FIGS. 6A-6C show perspective views of a LED flare charger by itself and in charging position on a LED flare in a second embodiment;

FIG. 7 is a perspective view of a carrying case kit with LED flares and accessories;

FIG. 8 shows a block diagram of an electrical circuit of the LED flare; and

FIG. 9 shows a perspective view of an LED flare in a third embodiment;

FIGS. 10A-E show the components of a retractable charger contact pin for use in a stackable charging LED flare;

FIGS. 11A-C show views of two stacked LED flares; and

FIGS. 12A-D show views of multiple stacked LEDs and embodiments of charger stations for charging multiple LEDs at the same time.

DETAILED DESCRIPTION

The present invention will now be described more fully with reference to the accompanying drawings. It should be understood that the invention may be embodied in many different forms and should not be construed as limited to the embodiments set forth herein. Throughout FIGS. 1-12, like elements of the invention are referred to by the same reference numerals for consistency purposes.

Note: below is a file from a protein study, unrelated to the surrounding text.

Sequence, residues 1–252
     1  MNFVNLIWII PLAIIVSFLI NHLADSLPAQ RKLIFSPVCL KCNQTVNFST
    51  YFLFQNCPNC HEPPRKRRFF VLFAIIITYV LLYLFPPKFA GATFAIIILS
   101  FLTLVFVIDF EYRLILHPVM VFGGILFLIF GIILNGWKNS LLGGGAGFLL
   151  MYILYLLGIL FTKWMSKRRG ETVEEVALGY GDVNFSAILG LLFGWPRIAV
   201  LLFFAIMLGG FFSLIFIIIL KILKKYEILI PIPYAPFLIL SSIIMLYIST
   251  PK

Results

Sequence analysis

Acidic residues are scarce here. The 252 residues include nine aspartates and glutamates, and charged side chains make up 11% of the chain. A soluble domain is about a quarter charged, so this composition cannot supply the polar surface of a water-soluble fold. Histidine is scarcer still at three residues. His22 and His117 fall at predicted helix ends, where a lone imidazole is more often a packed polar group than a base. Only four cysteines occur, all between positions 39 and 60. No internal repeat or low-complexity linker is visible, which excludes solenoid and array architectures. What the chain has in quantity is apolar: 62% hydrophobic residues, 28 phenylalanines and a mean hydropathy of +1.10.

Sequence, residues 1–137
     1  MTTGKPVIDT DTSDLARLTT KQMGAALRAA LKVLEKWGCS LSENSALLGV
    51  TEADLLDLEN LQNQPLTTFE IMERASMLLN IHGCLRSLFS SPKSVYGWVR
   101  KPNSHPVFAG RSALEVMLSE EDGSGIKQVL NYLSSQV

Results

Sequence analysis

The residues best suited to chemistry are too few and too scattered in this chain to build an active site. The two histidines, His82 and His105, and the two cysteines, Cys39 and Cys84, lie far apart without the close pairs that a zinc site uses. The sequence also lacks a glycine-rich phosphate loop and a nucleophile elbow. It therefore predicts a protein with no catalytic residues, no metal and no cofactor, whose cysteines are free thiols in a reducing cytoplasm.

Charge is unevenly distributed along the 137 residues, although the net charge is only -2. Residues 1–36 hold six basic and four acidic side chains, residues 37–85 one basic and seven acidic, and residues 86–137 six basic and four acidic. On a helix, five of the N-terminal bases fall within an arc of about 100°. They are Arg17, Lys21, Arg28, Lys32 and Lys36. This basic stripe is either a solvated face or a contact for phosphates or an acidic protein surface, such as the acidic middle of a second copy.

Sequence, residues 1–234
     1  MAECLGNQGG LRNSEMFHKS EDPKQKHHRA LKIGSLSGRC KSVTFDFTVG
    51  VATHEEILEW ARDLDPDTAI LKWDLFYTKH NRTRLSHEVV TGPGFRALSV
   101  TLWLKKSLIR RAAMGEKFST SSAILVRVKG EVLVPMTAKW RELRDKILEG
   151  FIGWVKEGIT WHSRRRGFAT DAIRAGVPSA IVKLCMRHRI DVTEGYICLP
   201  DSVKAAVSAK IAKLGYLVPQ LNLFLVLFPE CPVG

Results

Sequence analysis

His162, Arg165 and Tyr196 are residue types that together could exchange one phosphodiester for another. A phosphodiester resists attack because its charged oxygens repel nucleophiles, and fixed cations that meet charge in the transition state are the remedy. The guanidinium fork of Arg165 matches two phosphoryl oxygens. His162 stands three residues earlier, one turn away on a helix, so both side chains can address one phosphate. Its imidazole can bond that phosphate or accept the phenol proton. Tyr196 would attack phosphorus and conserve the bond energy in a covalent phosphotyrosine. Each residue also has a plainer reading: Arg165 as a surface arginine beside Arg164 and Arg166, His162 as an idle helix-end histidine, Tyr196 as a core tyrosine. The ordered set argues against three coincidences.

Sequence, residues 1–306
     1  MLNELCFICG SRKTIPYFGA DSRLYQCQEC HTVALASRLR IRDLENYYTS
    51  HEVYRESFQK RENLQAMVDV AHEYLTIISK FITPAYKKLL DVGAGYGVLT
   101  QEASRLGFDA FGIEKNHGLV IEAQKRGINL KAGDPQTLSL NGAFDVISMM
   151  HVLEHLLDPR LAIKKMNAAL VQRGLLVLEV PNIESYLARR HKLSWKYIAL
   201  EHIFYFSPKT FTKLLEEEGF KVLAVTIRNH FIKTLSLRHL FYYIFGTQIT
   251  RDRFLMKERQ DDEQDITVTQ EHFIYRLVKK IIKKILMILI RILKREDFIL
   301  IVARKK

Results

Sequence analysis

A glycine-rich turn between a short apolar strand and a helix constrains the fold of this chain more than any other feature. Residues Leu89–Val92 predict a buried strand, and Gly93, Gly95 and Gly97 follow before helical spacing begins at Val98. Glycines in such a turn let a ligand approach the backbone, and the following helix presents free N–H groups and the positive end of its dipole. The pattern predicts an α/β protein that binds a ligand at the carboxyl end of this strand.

FIGS. 1A-1F show a variety of views of a LED flare 101. As can be seen in FIG. 1A, LED flare 101 has a body that is multi-sided. In FIG. 1A, LED flare is octagonal, but it may be formed with any number of sides around the periphery. In the embodiment shown, periphery or side 103 is made up of 8 pairs of stacked panels. In each pair, there is a lower panel 105 and an upper panel 107. Upper panel 107 is angled inwardly towards a top 109 of flare 101 while lower panel 105 is at approximately a right angle with a bottom 111 of flare 101. A window 113 is formed in each upper panel 107 and in each lower panel 105. A protective casing 115 or shield made of rubber, plastic or silicone is formed in a top component 115 a (see FIG. 3) and a bottom component 115 b (see FIG. 3) over the body of flare 101 to cushion the internal components of flare 101 in the event that flare 101 is dropped, hit or otherwise subjected to harsh conditions. Cut-outs in protective casing 115 are aligned with windows 113 so that light emitted through windows 113 is not blocked by protective casing 115. A hanger 117 is integrated into protective shield 115 through which a string, wire or carabiner can be passed to allow LED flare 101 to be hung from a hook or other rod-shaped device. A switch 118 is mounted in top 109 to turn LED flare 101 on and off as well as perform other operational functions.